At Brown, alcohol service has been banned in all residences

It’s been all over the news for the past few days that two Brown University fraternities have been sanctioned as a result of instances of sexual assault that took place on their premises. (One, Pi Kappa Psi, is the same frat where a female student tested positive for GHB after being drugged at an unregistered party in October.) The less publicized and more widespread disciplinary action, however, affects all students outside of Greek life: Brown has banned any residential events serving alcohol, whether in frats, special program houses, or regular dorms. Brown’s reply, from anonymous comments to an official editorial board response, has been one of skepticism and dissatisfaction.

The Prohibition-like enforcement has a few loopholes: student groups can still host events that serve alcohol to students over 21, but only in public campus party spaces and under University supervision. As one disgruntled commenter observes, “no place to rage quite like the Kasper Multipurpose Room.” In the email sent out to the community on Monday, administration also announced another review this semester that would judge Brown’s “alcohol policy…to promote a safer environment on campus.” The proximity of this announcement with the frats’ extreme punishments also carries another implied message: future violations of the more general alcohol ban could result in similarly harsh sanctions.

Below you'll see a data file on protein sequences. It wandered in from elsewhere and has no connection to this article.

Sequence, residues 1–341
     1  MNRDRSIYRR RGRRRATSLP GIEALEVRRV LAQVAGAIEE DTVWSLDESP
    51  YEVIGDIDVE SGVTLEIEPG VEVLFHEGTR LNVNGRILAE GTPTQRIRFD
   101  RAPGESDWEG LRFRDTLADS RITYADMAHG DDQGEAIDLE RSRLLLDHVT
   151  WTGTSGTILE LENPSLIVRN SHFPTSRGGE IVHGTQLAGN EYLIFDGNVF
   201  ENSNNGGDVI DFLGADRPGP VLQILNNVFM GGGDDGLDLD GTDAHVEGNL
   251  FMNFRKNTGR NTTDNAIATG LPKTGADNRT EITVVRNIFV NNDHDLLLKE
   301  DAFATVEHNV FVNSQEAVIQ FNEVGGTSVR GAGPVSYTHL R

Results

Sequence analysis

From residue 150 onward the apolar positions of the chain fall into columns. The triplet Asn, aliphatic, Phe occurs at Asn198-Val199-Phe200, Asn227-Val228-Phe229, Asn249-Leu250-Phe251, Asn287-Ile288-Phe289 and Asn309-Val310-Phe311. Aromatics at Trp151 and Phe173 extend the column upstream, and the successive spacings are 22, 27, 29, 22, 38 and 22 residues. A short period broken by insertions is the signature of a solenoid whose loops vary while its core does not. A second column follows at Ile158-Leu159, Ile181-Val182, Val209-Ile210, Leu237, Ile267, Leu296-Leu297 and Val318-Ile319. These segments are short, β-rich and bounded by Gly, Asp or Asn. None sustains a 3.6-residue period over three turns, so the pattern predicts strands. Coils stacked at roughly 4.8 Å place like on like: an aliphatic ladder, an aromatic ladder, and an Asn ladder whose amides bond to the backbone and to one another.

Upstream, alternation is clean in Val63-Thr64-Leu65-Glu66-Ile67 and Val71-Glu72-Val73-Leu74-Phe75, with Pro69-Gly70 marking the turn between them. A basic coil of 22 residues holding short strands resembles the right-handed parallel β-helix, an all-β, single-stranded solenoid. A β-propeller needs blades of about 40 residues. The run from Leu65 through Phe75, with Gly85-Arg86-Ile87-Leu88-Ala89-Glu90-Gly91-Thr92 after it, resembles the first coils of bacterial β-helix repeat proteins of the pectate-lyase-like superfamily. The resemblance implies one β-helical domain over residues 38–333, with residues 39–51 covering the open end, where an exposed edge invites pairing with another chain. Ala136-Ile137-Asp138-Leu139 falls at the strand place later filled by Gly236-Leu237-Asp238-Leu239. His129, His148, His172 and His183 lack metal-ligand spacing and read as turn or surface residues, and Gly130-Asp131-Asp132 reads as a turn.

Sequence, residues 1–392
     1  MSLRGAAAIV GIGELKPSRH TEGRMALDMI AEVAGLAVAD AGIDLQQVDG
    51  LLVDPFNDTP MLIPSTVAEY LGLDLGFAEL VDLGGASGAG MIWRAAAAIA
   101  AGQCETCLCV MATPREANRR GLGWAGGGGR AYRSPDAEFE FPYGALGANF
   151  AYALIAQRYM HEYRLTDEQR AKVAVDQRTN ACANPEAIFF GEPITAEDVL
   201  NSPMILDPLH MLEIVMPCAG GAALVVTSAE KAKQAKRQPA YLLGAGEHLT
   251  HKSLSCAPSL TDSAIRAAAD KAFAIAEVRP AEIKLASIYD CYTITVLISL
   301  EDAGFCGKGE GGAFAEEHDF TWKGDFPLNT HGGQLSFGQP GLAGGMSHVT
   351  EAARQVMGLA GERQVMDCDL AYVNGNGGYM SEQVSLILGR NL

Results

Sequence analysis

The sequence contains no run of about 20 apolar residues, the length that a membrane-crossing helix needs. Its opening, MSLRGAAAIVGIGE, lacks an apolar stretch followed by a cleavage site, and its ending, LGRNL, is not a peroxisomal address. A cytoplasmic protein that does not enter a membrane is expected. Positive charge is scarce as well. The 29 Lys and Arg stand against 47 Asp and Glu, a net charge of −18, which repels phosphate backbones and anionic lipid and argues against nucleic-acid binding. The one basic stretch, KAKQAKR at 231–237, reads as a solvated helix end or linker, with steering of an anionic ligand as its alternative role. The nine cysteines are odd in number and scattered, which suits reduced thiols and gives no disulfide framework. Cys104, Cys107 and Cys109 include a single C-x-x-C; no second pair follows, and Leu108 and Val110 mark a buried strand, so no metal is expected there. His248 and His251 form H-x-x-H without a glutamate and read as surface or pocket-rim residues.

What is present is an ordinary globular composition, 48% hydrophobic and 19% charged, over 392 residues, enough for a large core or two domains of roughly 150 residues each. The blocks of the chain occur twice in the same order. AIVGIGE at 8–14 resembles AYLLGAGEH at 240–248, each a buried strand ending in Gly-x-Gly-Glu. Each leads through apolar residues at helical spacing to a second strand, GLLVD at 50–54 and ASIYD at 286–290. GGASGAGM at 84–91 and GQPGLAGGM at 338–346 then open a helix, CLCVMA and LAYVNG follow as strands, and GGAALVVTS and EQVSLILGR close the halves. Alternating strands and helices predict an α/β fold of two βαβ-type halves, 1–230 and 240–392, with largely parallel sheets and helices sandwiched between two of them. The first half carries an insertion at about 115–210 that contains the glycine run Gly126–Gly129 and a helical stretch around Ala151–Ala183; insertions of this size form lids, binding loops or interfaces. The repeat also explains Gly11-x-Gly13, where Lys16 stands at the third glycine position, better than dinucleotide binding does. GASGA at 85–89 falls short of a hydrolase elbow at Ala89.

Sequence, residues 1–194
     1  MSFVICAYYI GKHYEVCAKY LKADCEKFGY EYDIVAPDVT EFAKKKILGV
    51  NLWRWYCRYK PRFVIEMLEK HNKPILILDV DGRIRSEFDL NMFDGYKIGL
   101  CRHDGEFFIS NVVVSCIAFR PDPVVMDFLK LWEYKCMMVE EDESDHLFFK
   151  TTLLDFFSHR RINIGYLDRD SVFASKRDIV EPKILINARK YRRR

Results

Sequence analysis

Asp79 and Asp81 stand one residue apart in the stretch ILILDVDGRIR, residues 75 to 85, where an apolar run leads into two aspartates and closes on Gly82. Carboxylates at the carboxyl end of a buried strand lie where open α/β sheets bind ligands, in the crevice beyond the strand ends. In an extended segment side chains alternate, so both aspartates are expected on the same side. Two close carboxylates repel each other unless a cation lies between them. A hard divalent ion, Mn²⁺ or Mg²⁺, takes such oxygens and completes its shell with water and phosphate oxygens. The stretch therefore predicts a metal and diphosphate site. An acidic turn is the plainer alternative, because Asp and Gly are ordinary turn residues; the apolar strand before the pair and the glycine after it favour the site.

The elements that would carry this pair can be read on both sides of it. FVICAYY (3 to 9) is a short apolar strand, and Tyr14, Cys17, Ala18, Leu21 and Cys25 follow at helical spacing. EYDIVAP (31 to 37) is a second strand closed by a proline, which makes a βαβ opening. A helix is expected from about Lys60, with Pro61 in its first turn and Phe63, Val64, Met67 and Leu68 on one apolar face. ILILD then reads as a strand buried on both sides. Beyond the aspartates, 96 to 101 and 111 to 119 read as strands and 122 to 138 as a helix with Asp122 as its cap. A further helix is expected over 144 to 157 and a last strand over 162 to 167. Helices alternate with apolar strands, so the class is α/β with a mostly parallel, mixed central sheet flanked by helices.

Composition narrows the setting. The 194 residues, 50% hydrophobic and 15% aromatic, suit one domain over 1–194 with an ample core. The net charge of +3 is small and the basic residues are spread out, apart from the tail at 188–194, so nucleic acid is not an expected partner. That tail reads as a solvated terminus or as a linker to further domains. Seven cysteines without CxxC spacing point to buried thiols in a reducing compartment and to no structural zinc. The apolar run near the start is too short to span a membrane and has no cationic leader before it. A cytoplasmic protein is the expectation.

This new rule, combined with the temporary suspension of Phi Kappa Psi and Sigma Chi from campus life, will force social events out onto the fringes of campus – a change that some students feel will only further add to safety concerns. Student comments on the Brown Daily Herald article largely condemn the administration’s actions, and speculate about the effectiveness that these new measures will have in reducing cases of sexual assault. An op-ed posted yesterday in the same newspaper pointed out that most parties in which sexual assault may occur are unofficial, and thus not targeted by the new regulations; the author goes on to state that attempts to curtail student drinking “would neglect the real problem and unfairly penalize the entire student body.” And the Herald‘s editorial board published a statement that, while generally approving of the ban, echoed similar concerns that the new environment will drive drinking underground and into the larger city, outside of University protection.

While we can safely ignore some of the more trollish online comments, these responses raise some doubt about how Brown students will find their way around these new regulations – and how the new rules will change sexual assault on campus, whether intentionally or unintentionally.

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